International Monetary Fund managing director and former Economy Minister Christine Lagarde appears in court at the Palais de Justice, in Paris, France.
International Monetary Fund managing director and former Economy Minister Christine Lagarde appears in court at the Palais de Justice, in Paris, France. CHRISTOPHE PETIT TESSON

IMF head digs in as trial opens

THE head of the International Monetary Fund, Christine Lagarde, has pledged to fight "allegation by allegation” charges of negligence in a trial in Paris over her role in a huge payout by France to businessman Bernard Tapie in 2008.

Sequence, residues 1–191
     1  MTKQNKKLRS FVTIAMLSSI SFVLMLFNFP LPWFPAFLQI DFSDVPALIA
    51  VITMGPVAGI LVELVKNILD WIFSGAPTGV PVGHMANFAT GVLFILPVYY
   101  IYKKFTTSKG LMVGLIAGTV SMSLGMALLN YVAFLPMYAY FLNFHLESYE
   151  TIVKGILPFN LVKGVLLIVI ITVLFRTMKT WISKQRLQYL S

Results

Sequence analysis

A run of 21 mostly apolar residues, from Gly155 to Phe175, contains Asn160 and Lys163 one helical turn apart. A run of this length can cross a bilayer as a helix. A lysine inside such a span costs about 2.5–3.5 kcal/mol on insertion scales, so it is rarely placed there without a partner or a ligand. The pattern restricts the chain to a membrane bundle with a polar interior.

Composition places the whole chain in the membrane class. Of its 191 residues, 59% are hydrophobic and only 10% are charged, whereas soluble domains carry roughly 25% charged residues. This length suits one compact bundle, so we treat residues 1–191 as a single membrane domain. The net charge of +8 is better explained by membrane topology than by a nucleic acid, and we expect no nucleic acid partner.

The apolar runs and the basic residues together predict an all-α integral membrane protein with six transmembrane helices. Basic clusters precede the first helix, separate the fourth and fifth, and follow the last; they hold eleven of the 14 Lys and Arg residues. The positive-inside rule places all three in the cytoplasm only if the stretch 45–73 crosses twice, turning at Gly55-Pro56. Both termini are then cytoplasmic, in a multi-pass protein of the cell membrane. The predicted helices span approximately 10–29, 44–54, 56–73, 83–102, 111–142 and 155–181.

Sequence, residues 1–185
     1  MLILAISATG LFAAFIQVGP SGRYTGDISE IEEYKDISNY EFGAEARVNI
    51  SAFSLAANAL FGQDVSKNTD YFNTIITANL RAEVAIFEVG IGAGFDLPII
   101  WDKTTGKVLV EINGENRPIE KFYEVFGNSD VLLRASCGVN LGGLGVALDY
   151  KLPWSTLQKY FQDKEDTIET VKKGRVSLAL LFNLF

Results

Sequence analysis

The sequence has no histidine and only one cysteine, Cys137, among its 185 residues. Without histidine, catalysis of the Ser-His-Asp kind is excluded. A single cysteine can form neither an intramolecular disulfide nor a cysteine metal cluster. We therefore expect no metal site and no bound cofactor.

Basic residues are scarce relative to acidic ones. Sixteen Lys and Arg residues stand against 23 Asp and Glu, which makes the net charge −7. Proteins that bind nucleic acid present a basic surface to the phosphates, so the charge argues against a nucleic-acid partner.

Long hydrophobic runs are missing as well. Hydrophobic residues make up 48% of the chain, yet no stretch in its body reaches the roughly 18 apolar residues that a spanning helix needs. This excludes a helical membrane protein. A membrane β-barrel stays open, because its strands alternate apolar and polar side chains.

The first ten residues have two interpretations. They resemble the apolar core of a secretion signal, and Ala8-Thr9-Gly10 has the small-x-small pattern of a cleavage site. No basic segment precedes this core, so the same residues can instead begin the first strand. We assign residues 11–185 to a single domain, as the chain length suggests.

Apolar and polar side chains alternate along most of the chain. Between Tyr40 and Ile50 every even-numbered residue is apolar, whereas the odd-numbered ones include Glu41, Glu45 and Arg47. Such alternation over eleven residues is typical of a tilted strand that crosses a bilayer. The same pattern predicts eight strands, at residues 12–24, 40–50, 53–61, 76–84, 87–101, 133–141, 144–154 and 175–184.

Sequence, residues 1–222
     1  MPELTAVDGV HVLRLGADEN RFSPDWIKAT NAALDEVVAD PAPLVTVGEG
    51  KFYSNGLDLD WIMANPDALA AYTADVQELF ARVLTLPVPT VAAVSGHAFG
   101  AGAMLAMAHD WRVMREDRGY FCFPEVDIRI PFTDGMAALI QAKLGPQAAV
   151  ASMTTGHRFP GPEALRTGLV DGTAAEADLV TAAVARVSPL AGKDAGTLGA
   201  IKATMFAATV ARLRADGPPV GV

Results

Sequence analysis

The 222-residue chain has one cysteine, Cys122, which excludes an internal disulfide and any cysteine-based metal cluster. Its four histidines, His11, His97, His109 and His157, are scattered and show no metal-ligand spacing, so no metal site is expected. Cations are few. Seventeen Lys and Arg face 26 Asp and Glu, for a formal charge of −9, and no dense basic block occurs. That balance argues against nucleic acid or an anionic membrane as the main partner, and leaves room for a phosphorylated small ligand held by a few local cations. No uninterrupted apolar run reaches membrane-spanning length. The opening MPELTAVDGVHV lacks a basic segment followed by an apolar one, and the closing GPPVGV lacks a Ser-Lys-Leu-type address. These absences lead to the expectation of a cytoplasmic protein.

Ms Lagarde was finance minister in the government of President Nicolas Sarkozy when she approved a settlement out of court to end a long-running dispute between Mr Tapie and an arm of the government.

Mr Tapie was a supporter of President Sarkozy.

Her decision to accept an extremely rare private arbitration cost French taxpayers $568 million paid to Mr Tapie.

Ms Lagarde has been charged with negligence leading to misuse of public funds.

She risks a year in jail and a fine of $21,300 if convicted.

Her French predecessor, Dominique Strauss Kahn, quit as IMF head over a sex assault scandal. A sentence could cost her the job too.



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